The digital narcissism of Strava has perfectly melded with the desire to watch yourself in motion. Nextgen versions will integrate with the four personal drones that follow you on the ride, and it will also connect with Zwift riders who virtually challenge you in their basement on the live video feed while you pedal the actual street. The live feed on Facebag will show realtime power/HR/elevation/speed and a 3-D topographical map running along the bottom of the screen. After the ride you’ll relax with some diet water, eat some raw almonds, compare your performance with people who are similar enough to beat but not similar enough to beat you, and review the whole thing in a video podcast that you upload through your glasses. The world isn’t all about you. The world is you.
And really, the author did get it right. Strava is the killer app. And the thing it killed? Fun.
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PS: Don’t forget the Wanky’s. As if you could. And I may have forgotten to mention that there is free food and beer for the first 300 guests, so get there early.
e-Tap and Wanky Tech Review
June 24, 2017 § 24 Comments
In the overall scheme of things, “scheme” being “since time began,” I haven’t seen all that much. In cycling I have seen exactly three technical changes since 1982 that were really significant, things that changed cycling a lot for the better. I’m sure you will disagree with my Big Three, but here they are:
What they replaced: Toe cages, toe straps, and heavy alloy pedals.
How they made cycling better: They got rid of purple toes and dead toenails and hotspots a mile wide unless you happen to wear Bonts, in which case you pay extra for those things. Instead of falling over at lights because you couldn’t reach down and undo the strap in time, now you fall over because you can’t twist out in time. They eliminated the constant repurchase of worn out Alfredo Binda straps ($25/each), and now require the replacement of worn out cleats ($35/each), and highly specialized and technical shoes ($435/pair). But seriously, clipless pedals made pedaling easier, less painful, and more efficient. Game changer.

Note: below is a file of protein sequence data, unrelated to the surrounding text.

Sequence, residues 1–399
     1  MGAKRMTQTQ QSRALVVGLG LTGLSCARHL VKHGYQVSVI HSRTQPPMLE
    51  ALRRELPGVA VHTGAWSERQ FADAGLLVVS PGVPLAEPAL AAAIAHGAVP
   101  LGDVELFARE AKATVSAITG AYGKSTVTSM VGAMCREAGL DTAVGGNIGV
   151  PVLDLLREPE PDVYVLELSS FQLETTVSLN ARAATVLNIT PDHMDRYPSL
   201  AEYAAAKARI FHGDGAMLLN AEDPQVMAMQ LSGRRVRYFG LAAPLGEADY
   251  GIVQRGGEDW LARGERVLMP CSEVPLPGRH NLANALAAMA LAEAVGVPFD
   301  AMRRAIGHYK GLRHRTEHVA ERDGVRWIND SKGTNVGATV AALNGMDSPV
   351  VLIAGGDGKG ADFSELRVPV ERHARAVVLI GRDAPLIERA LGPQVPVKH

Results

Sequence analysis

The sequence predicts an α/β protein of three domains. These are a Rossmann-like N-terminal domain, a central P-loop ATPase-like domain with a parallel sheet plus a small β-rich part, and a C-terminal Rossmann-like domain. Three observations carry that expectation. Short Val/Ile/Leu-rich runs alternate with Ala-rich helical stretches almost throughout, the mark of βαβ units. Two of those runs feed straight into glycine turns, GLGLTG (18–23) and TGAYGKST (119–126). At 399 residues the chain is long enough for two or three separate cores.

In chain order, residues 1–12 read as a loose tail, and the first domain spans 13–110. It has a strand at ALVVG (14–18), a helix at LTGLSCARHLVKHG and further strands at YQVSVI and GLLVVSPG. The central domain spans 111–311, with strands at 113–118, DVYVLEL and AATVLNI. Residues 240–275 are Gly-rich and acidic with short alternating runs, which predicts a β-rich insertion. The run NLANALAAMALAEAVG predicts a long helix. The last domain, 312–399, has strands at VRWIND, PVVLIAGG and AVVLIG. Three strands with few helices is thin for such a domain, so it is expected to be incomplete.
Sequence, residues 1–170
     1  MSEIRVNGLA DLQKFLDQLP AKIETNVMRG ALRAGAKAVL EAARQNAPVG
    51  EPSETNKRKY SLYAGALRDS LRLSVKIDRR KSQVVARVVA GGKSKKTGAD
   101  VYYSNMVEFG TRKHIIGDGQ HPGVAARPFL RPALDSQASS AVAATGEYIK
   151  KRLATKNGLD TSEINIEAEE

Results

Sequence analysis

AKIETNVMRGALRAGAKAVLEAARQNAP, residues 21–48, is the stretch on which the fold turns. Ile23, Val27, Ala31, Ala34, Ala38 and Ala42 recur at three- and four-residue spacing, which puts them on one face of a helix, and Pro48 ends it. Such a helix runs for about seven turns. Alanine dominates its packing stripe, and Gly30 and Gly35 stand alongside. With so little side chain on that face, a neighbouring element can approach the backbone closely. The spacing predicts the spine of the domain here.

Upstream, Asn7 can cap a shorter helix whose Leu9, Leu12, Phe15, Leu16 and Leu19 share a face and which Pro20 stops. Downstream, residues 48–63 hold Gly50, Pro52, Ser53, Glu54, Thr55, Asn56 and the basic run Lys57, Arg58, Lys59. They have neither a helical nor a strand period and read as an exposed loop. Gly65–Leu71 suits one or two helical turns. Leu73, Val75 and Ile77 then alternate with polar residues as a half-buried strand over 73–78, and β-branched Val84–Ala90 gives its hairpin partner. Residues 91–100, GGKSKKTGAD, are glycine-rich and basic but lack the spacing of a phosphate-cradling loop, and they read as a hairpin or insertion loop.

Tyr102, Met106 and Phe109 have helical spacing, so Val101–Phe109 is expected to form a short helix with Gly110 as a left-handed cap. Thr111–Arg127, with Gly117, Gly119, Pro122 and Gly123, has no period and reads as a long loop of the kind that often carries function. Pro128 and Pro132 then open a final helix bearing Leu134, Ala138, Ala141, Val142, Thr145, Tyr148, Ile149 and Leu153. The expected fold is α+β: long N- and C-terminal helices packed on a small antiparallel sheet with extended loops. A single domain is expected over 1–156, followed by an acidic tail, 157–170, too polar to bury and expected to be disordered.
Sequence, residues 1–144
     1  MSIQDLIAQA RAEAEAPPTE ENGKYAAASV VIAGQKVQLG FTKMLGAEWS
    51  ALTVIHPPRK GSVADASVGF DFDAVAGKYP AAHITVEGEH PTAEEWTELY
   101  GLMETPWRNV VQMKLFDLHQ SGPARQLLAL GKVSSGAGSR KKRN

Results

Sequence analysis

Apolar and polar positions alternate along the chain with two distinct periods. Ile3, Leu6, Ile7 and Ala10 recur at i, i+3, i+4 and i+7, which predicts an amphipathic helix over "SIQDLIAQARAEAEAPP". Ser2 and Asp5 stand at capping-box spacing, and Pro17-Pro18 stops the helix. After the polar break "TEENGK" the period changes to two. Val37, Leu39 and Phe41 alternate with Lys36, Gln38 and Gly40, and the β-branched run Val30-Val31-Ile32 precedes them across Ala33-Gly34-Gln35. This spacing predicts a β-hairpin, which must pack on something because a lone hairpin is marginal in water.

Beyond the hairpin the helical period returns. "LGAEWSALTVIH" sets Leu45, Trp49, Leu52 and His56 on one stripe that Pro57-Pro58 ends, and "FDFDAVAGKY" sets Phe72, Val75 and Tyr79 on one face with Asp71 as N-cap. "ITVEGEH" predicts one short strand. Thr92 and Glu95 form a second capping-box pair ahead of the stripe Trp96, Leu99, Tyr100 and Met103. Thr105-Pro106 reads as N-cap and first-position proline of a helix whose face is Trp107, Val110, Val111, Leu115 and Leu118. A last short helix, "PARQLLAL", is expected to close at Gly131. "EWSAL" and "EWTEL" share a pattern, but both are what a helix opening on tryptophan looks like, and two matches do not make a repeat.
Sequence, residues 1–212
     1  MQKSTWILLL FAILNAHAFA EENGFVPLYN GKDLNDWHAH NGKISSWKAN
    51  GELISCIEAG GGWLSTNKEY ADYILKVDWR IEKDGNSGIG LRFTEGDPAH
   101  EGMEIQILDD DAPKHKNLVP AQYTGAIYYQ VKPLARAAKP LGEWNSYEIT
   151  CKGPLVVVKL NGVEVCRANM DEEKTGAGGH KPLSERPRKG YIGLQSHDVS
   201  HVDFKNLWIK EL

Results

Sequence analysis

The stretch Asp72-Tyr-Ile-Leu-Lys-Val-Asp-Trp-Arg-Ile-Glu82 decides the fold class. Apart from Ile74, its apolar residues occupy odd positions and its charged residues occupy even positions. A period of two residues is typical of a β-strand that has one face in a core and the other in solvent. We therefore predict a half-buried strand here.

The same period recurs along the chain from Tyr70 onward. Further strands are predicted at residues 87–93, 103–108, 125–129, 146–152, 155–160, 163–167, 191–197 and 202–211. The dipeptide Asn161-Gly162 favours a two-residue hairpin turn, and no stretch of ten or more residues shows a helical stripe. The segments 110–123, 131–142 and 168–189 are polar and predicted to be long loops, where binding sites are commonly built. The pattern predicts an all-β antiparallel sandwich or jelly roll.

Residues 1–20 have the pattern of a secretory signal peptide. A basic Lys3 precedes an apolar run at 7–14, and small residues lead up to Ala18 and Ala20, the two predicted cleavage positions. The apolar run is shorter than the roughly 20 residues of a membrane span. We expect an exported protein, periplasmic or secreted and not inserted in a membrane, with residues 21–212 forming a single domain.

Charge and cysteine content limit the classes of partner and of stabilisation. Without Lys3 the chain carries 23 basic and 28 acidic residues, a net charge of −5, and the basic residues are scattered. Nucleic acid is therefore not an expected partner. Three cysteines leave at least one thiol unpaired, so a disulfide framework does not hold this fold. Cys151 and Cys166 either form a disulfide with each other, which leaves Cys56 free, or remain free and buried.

What I miss about the old stuff: Nothing, except not having old straps lying around to strap stuff under my seat with, and being able to buy a pair of Dettos for $39.
What it replaced: Friction shifting.
How it made cycling better: It eliminated wing-and-a-prayer shifting. It eliminated the 12-year apprenticeship required to learn how to find the right cog. It led to handlebar shift levers, which made shifting faster, safer, and more efficient, especially since the number of cogs climbed in a few short years from six to eleven. Now it goes to eleven.
What I miss about the old stuff: Simplex friction shifters were silent and perfect once you learned how to use them. Index shifting killed downtube shifting, which was good, but at the expense of heavier, clunkier hoods and bars. That’s pretty much it.
What it replaced: Mechanical shifting done with wires.